An engineering expert is raising concerns about the inspection of a couple of balconies at an apartment in London, Ont., where a one-year-old girl fell to her death in October.
One-year-old Inayah fell from a 20-storey balcony at 400 Lyle St., where the handrail gaps were 50 per cent larger than what is permitted by Ontario building code. Following the incident Oct. 2 incident, the city posted a safety notice on the building, indicating residents shouldn’t use the balconies until they are “reviewed” and “repaired,” if repairs were necessary. An inspection was completed on Oct. 14.
In the inspection report obtained by CBC News through a freedom of information request, it was learned that two of the apartments, units 207 and 1113, along with their balconies were “not accessible” during the inspection. These are not the units where Inayah had been living.
Doug Perovic, who heads the country’s only forensic engineering program at the University of Toronto, said assumptions made during the handrail inspection were “irresponsible.”
2 unit inspections questioned
The report shows conclusions were made about 207’s guardrail by completing a “visual survey from ground level.” For unit 1113, it was assumed its balcony guardrail had the same issue as its neighbouring balcony, according to the report.
Perovic believes it is “irresponsible to be making such assumptions when several building code deficiencies were previously identified and particularly when such deficiencies contributed to the death of a child.”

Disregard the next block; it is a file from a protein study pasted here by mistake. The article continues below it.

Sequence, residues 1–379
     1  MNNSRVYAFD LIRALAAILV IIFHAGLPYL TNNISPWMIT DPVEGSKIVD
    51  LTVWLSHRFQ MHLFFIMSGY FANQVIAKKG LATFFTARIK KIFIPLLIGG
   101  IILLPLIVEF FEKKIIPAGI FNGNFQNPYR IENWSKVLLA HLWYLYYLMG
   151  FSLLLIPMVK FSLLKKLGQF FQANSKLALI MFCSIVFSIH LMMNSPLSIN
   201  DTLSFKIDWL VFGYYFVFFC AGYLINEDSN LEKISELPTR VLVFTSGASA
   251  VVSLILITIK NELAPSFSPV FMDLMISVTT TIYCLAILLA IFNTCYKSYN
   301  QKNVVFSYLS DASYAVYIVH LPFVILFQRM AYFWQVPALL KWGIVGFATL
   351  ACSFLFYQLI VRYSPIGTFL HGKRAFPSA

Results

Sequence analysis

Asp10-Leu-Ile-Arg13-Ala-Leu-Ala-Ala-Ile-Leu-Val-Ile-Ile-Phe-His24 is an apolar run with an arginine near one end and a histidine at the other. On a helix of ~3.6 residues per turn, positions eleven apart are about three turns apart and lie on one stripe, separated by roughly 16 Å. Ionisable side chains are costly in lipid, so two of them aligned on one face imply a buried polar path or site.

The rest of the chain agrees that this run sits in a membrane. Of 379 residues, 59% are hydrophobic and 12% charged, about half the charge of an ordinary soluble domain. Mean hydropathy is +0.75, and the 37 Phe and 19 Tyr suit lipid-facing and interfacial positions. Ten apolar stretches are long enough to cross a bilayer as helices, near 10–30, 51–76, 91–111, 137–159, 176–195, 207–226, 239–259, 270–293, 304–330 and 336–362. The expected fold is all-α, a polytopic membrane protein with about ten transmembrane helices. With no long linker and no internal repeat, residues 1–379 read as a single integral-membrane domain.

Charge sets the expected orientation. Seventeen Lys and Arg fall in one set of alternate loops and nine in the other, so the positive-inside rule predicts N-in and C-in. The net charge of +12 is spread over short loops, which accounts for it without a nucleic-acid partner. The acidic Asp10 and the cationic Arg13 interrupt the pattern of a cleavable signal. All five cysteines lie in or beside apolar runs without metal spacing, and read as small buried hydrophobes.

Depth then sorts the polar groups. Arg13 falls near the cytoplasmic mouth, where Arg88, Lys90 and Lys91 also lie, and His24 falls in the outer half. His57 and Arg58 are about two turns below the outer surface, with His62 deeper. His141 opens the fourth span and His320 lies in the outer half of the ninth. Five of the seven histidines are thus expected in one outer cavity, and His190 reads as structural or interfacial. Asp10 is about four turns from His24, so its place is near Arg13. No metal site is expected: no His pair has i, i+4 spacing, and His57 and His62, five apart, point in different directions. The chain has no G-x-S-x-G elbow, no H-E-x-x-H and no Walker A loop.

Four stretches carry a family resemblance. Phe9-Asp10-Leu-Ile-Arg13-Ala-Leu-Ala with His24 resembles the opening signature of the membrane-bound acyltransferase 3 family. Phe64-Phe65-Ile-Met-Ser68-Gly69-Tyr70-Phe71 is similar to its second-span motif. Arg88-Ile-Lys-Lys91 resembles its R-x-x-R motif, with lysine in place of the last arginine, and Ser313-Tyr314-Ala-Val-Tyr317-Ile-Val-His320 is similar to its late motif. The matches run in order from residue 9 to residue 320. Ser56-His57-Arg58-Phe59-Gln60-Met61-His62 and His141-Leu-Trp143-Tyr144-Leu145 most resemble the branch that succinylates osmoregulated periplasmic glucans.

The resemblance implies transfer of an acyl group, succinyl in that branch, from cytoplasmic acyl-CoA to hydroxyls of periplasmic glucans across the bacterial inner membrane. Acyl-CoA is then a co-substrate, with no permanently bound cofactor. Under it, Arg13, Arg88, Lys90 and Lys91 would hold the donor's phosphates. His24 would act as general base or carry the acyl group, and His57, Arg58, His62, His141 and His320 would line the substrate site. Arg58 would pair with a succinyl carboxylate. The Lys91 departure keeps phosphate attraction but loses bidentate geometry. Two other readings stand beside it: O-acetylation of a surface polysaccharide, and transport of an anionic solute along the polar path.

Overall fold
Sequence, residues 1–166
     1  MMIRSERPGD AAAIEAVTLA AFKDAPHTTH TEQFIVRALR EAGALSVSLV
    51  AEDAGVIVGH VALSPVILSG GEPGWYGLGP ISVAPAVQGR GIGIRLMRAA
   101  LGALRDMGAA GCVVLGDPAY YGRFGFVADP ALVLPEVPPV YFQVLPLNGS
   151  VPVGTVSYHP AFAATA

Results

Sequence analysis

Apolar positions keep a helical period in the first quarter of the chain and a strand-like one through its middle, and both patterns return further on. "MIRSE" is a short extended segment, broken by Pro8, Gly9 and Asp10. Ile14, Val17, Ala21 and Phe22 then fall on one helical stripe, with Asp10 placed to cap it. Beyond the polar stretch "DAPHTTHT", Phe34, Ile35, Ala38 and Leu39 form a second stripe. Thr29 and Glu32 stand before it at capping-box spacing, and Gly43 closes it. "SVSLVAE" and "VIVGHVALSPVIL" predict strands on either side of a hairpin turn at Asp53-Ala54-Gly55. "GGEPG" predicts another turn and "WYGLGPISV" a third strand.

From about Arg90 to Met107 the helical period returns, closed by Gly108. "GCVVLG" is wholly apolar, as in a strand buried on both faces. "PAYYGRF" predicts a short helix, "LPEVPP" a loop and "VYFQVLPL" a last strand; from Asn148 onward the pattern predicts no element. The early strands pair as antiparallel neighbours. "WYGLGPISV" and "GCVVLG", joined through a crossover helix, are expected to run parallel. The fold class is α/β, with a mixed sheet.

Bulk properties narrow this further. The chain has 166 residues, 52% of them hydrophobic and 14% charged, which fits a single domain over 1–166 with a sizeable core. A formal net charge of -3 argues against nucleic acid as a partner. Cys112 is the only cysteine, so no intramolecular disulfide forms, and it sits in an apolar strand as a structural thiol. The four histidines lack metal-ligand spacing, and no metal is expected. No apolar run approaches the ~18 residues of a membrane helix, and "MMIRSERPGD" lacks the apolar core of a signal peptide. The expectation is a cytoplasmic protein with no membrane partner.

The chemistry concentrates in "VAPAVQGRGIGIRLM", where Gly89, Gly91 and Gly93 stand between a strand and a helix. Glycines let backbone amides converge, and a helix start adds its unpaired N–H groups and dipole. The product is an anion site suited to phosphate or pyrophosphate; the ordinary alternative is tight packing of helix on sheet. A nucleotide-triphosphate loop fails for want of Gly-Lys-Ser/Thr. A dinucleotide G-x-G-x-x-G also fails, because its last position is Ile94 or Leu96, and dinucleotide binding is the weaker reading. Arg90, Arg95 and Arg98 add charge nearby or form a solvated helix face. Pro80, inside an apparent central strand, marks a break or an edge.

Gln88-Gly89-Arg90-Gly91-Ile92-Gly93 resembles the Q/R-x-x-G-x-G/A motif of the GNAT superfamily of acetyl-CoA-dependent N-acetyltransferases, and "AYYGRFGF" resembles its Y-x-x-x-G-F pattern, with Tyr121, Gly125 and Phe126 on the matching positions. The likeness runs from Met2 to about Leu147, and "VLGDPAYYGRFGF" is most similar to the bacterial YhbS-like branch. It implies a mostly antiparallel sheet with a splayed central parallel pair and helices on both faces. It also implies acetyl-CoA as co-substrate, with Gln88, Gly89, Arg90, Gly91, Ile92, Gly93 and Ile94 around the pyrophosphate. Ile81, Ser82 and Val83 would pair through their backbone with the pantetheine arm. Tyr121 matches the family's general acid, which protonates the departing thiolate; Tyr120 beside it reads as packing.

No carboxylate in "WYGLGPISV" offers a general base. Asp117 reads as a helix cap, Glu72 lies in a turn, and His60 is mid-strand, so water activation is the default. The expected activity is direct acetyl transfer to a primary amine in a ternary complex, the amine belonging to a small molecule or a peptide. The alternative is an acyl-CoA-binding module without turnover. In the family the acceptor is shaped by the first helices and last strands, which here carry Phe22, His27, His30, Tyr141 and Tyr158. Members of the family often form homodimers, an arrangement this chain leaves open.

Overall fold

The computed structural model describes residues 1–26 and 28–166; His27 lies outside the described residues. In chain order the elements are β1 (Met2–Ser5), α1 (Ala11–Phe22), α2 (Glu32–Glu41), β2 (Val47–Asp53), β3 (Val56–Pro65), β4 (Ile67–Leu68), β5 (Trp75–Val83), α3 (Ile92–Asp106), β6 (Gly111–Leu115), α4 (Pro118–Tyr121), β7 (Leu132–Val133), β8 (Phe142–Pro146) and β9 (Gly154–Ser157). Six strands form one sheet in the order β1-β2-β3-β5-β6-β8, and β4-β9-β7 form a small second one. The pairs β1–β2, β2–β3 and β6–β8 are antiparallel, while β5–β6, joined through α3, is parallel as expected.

According to the report, four other guardrails at 400 Lyle St. had gaps between the guardrail and wall that weren’t to code, one of which was 70 per cent more than what’s allowed.
A guardrail on a different floor wasn’t as high as it should be, which was the one that unit 1113 was assumed to be the same as.
“My view on that is that there’s something that involves a potentially high risk of injury or death,” said Perovic. “They should have inspected them all, and this is something that is quite obvious.”
A city spokesperson said the guardrails have since been fixed, but the city is unable to comment on Perovic’s assessment, citing the ongoing investigation into the toddler’s death.
Multi-layered system of checks in place
“It should not have happened,” said Perovic of the initial gaps leading to the tragedy. “Because it’s such a multi-layered system that’s in place, starting with the developer, with the architect, the building contractor or subcontractors who hire consulting engineers to do inspections and field reviews.”
“And then the second level is the city that has to approve and issue the occupancy permit,” he added. “The City of London building division inspectors … they seem to miss this too.”
The architectural plans for the building do not show the guardrail gaps in the drawings. Whether every single guardrail was inspected prior to obtaining an occupancy permit, and before the death of the child, is unknown.